The administration is currently working to exempt U.S. arms transfers to Israel from a "mandatory congressional notification process that applies to all other foreign arms sales," The Washington Postreported last week.

Overall, the Biden administration has sent more than 10,000 tons of weaponry to Israel over the past three and a half months, declining to place conditions on the arms even as the Israeli military openly flouts U.S. officials' entreaties to protect Gaza civilians, attacking homes, schools, bakeries, hospitals, and refugee camps.

"If Biden was truly as dissatisfied or impatient or whatever other terms are being fed to the media about his supposed handwringing over Bibi's war, he could have acted. But he didn't."

Israel's unrelenting bombing campaign and ground invasion have killed nearly 25,000 people in Gaza since October, and much of the territory is in the grip of famine as the Netanyahu government restricts the amount of aid allowed to enter the besieged territory.

Ajith Sunghay, head of the United Nations human rights office in the occupied Palestinian territory, expressed horror Friday at conditions on the ground in Gaza, calling the situation "a major, human-made, humanitarian disaster."

"People continue to arrive in Rafah from various places in their thousands, in desperate situations, setting up makeshift shelters with any material they can get their hands on," said Sunghay. "I've seen men and children digging for bricks to be able to hold in place tents made with plastic bags."

"It is a pressure cooker environment here, in the midst of utter chaos, given the terrible humanitarian situation, shortages, and pervasive fear and anger," he added. "The communications blackout has continued for a sixth consecutive day, adding to the confusion and fear, and preventing Gazans from accessing services and information on areas to evacuate."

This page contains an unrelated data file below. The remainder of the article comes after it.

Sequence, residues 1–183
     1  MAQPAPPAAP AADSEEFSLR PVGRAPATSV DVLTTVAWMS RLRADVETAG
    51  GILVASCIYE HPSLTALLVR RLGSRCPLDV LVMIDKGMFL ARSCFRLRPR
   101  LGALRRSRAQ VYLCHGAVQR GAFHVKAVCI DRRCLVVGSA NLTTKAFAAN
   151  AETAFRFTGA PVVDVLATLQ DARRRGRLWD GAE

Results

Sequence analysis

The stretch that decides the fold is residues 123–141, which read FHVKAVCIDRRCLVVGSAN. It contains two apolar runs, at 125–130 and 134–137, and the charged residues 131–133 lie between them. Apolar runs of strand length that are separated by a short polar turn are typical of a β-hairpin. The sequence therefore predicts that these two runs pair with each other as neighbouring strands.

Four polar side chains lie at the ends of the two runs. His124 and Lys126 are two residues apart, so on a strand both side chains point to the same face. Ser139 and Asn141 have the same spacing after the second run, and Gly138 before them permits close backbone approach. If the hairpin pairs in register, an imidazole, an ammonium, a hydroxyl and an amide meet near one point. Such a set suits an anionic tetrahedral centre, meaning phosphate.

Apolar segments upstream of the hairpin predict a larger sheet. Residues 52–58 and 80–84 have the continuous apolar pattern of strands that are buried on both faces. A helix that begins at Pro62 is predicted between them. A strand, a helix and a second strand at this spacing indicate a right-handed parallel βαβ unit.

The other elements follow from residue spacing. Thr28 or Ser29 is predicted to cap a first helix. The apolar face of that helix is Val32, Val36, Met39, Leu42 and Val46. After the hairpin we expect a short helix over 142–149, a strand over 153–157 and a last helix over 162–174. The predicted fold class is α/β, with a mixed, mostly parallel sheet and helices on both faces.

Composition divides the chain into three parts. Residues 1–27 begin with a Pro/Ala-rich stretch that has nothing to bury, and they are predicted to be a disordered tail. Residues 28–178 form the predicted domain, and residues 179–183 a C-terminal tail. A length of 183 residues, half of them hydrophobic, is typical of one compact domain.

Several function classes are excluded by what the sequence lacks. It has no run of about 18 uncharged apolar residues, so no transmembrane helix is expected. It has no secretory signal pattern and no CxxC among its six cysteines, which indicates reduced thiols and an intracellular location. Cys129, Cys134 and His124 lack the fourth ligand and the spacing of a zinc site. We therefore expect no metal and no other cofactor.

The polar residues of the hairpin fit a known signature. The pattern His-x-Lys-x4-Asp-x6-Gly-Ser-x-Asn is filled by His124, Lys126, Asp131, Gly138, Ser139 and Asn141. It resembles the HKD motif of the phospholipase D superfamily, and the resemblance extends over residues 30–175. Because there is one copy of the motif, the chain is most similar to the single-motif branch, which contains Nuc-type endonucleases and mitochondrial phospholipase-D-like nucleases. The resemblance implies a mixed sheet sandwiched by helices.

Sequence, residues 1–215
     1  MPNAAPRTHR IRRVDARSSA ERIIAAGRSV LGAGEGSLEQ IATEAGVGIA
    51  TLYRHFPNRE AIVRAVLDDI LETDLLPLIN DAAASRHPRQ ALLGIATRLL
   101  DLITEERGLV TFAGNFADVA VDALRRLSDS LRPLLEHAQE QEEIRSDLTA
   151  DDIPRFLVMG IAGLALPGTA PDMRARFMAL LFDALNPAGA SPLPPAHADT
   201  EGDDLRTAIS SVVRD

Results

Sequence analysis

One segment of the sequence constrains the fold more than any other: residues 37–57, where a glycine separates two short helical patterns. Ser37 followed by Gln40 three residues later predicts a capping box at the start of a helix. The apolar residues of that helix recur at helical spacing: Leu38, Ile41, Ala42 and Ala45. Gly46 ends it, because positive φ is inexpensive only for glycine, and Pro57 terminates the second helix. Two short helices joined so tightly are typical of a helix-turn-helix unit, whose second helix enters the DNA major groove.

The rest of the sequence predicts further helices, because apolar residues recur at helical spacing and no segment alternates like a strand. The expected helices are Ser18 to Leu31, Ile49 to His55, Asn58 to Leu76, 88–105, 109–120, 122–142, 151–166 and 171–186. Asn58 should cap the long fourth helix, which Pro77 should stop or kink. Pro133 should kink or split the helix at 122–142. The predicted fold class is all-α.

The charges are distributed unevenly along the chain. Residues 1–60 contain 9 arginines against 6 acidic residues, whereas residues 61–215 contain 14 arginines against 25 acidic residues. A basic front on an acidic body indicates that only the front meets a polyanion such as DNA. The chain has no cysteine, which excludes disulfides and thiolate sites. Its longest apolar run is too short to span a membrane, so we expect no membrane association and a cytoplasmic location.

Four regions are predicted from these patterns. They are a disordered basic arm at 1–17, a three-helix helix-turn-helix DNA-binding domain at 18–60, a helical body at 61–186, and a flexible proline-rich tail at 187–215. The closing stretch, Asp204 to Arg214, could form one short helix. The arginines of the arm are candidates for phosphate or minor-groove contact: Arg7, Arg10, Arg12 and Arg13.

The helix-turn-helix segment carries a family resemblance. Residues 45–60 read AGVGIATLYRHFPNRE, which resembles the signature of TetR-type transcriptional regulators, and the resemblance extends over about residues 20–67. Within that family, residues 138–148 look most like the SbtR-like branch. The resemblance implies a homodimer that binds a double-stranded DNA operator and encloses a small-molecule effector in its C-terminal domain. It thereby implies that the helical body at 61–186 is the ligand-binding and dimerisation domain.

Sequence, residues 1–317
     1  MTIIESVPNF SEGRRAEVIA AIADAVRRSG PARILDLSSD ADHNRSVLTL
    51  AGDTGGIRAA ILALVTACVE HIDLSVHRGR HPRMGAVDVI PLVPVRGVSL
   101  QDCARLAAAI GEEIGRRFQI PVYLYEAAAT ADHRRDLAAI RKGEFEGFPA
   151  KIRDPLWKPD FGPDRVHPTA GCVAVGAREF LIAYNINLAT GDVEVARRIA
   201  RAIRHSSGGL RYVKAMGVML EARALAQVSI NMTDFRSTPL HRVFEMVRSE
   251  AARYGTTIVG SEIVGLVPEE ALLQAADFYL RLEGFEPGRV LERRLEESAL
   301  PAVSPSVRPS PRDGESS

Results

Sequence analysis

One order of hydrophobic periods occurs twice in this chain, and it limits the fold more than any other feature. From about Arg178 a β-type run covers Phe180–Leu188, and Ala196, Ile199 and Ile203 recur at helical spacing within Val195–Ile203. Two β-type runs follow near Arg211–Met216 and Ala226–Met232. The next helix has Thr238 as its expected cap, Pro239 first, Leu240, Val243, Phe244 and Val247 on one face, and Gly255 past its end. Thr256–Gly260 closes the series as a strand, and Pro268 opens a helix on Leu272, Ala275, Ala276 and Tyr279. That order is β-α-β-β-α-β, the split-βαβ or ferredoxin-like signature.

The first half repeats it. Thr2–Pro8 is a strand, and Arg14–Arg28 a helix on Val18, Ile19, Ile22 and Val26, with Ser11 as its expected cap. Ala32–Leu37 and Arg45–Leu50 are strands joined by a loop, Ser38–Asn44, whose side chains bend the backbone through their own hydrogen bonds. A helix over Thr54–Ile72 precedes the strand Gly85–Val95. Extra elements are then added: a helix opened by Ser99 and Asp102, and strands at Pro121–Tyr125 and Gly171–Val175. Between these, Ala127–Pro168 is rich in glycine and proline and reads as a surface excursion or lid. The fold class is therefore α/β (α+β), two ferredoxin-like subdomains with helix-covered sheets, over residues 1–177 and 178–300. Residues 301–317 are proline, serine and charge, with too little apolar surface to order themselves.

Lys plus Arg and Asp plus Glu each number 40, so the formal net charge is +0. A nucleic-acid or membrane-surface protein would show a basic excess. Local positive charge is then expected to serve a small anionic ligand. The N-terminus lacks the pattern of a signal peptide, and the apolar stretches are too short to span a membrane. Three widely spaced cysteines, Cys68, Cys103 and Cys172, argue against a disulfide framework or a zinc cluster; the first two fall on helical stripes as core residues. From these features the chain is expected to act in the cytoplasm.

In a column on Thursday, The Intercept's Jeremy Scahill noted that "over the course of the past 100 days of Israel's bloody rampage in Gaza, Biden has had an infinite series of events that each could have justified ceasing U.S. political and military support for Israel's explicitly offensive war."

"There is no nation on Earth that wields more influence over Israel and no politician who holds more sway than Biden. The U.S. is the arms dealer and defender of this entire enterprise," Scahill wrote. "If Biden was truly as dissatisfied or impatient or whatever other terms are being fed to the media about his supposed handwringing over Bibi's war, he could have acted. But he didn't."

"Instead, the White House made sure no cease-fire took hold, offered a public defense of Israel's conduct in the face of clear evidence of its genocidal intent submitted before the world court, circumvented Congress to keep the arms flowing, and then publicly opposed a resolution that sought to uphold U.S. law aimed at ensuring U.S. weapons and other aid are not used to commit human rights abuses. Those are the relevant facts," he continued. "There is no need for media outlets to serve as conveyor belts for the administration's disingenuous posturing. Biden's actions are the only evidence that matters. And that evidence is damning."